The Life of Poetry

Muriel Rukeyser makes the case for poetry, the transfer of energy between writer and reader. It’s a book that makes you pause, linger, think, and is unable to be slurped up quickly like so many others I’ve devoured lately. Originally pub’d in 1949, thankfully reissued for a new generation of writers and readers.

I muddled through most of it because she absolutely nails a few things with such clarity that she deserved to be heard in full. The beginning was particularly hard-hitting for me, dealing with the fear of poetry that I think affects most of us. Written almost 70 years ago, her words resonate particularly well in today’s troubled times:

In this moment when we face horizons and conflicts wider than ever before, we want our resources, the ways of strength. We look again to the human wish, its faiths, the means by which the imagination leads us to surpass ourselves. If there is a feeling that something has been lost, it may be because much has not yet been used, much is still to be found and begun. Everywhere we are told that our human resources are all to be used, that our civilization itself means the uses of everything it has—the inventions, the histories, every scrap of fact. But there is one kind of knowledge—infinitely precious, time-resistant more than monuments, here to be passed between the generations in any way it may be: never to be used. And that is poetry.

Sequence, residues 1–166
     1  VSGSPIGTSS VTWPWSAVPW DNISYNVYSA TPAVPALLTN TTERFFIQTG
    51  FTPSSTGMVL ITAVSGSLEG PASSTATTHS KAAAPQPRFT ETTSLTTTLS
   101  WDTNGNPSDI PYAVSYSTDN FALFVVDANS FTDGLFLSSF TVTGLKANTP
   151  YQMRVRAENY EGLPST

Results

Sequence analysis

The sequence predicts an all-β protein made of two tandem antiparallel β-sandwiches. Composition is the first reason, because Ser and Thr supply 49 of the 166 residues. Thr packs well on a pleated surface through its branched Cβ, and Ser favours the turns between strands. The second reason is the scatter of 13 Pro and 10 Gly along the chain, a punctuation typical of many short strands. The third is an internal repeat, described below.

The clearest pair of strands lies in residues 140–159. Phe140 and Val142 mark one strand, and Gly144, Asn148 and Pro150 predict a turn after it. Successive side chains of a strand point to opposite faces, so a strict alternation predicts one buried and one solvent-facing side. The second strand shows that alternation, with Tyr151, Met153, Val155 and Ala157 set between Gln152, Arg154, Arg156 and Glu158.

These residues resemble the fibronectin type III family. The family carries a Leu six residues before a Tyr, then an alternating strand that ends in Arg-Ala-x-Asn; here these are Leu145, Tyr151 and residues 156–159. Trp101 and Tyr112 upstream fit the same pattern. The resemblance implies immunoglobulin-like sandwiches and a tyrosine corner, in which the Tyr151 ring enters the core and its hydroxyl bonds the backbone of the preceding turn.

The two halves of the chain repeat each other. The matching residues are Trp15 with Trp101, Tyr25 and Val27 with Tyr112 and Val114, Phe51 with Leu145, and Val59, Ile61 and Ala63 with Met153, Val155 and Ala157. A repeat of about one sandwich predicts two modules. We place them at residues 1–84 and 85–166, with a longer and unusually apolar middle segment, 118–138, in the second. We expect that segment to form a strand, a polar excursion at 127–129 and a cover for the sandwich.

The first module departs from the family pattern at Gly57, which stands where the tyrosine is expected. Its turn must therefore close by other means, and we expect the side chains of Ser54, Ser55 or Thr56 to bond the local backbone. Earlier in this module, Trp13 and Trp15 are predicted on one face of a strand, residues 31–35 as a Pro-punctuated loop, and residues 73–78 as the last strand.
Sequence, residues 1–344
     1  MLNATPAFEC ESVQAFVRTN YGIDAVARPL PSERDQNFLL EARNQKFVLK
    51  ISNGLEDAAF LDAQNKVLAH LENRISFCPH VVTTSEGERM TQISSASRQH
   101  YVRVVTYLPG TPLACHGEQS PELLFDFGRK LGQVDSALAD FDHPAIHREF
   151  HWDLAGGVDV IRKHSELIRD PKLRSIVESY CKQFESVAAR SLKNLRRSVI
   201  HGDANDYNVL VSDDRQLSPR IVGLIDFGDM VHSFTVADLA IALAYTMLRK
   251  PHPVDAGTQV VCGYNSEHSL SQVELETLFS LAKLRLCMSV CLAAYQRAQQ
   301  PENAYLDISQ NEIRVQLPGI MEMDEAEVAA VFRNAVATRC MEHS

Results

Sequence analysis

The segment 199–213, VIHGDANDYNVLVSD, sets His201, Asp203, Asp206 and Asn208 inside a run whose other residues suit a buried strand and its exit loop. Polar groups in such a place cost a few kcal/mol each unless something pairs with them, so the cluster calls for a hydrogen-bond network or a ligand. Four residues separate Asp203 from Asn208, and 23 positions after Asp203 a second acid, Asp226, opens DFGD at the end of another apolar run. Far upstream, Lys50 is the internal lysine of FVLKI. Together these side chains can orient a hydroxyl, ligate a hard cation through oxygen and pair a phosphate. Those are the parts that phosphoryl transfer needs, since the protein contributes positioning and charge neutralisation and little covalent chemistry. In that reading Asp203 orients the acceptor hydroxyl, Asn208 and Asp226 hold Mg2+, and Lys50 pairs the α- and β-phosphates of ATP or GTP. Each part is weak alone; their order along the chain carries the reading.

Our resistance is a signifier of how afraid we are of poetry. The post-modern search for uniformity leads to mental disease and a fear of poetry. And yet poetry is everywhere, in songs, theater, books. But put a book of poems in someone’s hand and they freeze up, frightened. It’s the least recognized and rewarded art form. Why?